His property at 1133 Westchester Ave. is on 74 acres and his proposal to the city is to utilize 20 acres. Ten years ago, he received approval from the city to build a 120-room hotel and office complex on the same site where the current proposed residential housing will be built. Due to the market conditions at the time he cancelled hotel-office project.
The RRA Board urges you to attend the public hearing on Monday March 4 at City Hall.
We have three properties in the Rosedale community in the Campus Zone that potentially could petition for this overlay zoning variance to build residential apartments in our low-density zone.
These properties are as follows; 1311 Mamaroneck Ave, 1301 Mamaroneck Ave, and 1275 Mamaroneck Ave. In addition, there are another five properties in the South of White plains which are as follows; 250 North Street, 701-777 Westchester Ave, 925-1025 Westchester Ave, 1111-1129 Westchester Ave, and 1101 Westchester Ave. These eight properties add up to an additional 161 acres in this campus zone.
(Editor’s Note: WPCNR has learned the Council of Neighborhood Associations had requested the Mayor’s Office that this hearing be postponed.)
On September 5, the union said, a new cleaning company , Zobber Janitorial and Cleaning, took over the contract of the properties, and refused to rehire most of the building’s workers. None of the eight night cleaners received any written offer of employment. The new cleaning contractor is paying half-time workers almost a third less than previous employees, earned, with none of the union benefits.
Lenore Friedlaendar of the SEIU told WPCNR the SEIU is examining the options available to the union after they learn all the circumstances of the sale of the property.
The youtube link is https://youtu.be/GEF8MfIlP8w the whiteplainsweek.com link is http://www.whiteplainsweek.com/
WPCNR SCHOOL DAYS. By John F. Bailey. February 27, 2019:
Superintendent of Schools Dr. Joseph Ricca said Monday evening the district was awaiting the unveiling of the 2019 City Assessment Roll due out Friday March 1 and other specific information to determine whether or not the tentative budget of approximately $225 Million announced two weeks ago would have to be reconsidered.
The White Plains City Assessor, Lloyd Tasch, told WPCNR this morning that it appeared at this time the assessment roll “would break even” with last year, which would be good news for the city and the school district. Other information would most likely be status of certain Payments In Lieu of Taxes.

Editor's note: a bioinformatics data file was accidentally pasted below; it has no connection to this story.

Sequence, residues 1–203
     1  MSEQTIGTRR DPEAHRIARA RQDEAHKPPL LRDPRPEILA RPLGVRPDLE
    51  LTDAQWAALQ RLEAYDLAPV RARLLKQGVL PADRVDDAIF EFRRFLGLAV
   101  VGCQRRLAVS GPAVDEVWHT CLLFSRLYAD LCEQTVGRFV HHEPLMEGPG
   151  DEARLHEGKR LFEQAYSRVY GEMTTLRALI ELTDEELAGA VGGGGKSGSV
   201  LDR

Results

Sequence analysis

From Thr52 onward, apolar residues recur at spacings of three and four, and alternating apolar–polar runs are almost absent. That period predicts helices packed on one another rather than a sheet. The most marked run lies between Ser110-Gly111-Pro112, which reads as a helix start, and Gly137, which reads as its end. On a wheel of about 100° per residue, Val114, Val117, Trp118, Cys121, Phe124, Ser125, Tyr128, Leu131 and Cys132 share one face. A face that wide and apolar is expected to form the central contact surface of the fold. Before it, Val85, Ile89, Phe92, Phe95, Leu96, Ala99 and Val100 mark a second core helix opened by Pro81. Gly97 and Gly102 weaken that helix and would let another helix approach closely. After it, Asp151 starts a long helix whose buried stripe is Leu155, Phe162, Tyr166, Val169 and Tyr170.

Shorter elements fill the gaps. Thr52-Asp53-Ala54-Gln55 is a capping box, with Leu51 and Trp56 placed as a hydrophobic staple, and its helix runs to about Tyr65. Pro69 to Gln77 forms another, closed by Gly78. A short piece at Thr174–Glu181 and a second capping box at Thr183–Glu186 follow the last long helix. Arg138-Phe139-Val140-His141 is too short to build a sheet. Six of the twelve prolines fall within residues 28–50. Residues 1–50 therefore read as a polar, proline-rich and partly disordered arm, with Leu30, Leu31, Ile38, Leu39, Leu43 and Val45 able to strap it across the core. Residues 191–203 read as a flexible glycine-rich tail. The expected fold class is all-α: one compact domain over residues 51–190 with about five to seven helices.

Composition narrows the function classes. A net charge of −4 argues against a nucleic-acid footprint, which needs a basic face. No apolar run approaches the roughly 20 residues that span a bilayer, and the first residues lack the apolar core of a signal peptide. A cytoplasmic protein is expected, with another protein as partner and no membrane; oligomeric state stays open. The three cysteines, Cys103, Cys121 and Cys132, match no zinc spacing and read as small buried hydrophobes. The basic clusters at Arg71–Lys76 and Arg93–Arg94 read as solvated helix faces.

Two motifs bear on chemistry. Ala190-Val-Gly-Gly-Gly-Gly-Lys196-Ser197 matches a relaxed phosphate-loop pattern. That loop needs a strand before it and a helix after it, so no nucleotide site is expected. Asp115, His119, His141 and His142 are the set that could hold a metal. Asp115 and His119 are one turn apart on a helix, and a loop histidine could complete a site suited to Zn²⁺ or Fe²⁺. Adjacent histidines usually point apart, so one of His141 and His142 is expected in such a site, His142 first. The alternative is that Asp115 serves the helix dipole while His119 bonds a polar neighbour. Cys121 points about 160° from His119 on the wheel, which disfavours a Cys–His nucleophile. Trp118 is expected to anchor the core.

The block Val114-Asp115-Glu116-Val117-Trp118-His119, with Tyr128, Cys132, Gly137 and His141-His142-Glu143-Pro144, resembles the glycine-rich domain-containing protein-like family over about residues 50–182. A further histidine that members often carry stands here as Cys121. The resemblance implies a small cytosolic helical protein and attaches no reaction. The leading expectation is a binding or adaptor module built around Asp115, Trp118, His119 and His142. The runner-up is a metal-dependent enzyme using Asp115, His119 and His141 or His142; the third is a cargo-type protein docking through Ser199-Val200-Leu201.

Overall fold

The School Board proceeded to hear presentations from the heads of the Technology, Transportation, Food Service, and Facilities Departments. Each of which went into more detail of the breadth of services the district maintains every year in some of the most extensive presentations this observer has seen in 19 years of covering this school district.
The most impressive sweep of progress was detailed by Ron Velez, Director of Management Information Systems. Mr. Velez outlined the main expenditures for the upcoming 2019-20 year in the slide above.
In the video below, Dr. Ricca explains how the overall budget awaits input from the city and introduces Ron Velez who presents the impressive upgrading of school technology through iPADS, which every parent should be aware of, and explains in more detail the technology upgrades for 2019-20
WPCNR COMMON COUNCIL CHRONICLE-EXAMINER. By John F. Bailey. February 27, 2019.UPDATED:
Mayor Tom Roach introduced the concept of bicycles for rent ten months ago in May, 2018, when two companies were selected to introduce fleets of smart looking bicycles to rent by smart phone apps in White Plains. One company left the city after two months.
Lime Bikes stayed and ten months later the local managers of the Lime operation of 300 bikes (activated by phone ap), declared the program a success.
In ten months of availability at cluster locations in White Plains, the company reported 8,900 unique riders have taken 43,000 trips at a $1 a HALF- hour each, the average length of trip being 9 minutes. Of the 8,900 unique riders, each averaged 4 trips a month. 62% of riders take another trip within 30 days.
The most bicycle trips are to and from the White Plains Train Station. Other destinations are White Plains Hospital and Mamaroneck Avenue. The main complaint comes from bikes being parked in residential areas. An efficient bicycle retrieval sweep daily has cut down on the residential bike dropoffs. (No statistics were stated).
The company is eager to continue the program with the city.
They introduced a battery-equipped bike that through a torque system, supplements the power of a cyclist’s pedaling that will supply extra power to a cyclist when climbing hills.
The presenters told the council that the torque boost only works when the cyclist is pedaling. They hope to introduce the “Lime Lightening” (as WPCNR has dubbed the new bike) on April 1, and bring more to the Lime White Plains Fleet May 1. The battery-equipped bikes will be swapped out with a certain number of the solely cyclist powered bikes, the exact ratio to be determined by the power bike popularity. An addition of 15 cents per minute will be added to the $ 1 charge per hour, for the convenience of the torque-battery bike, they said.
Concerns were raised about safety issues, but the managers presenting did not have any knowledge of accidents involving the bikes. Councilman Dennis Krolian raised concerns about insurance, but the presenters said that in being eligible to rent the bicycles by purchasing the Lime bike app, the user of a Lime Bike agrees to a waiver of liability. The managers said they are in the process of creating an data retrieval system that would track accidents and incidents.
The Council, WPCNR believes has to make the demo program permanent or extend the Pilot.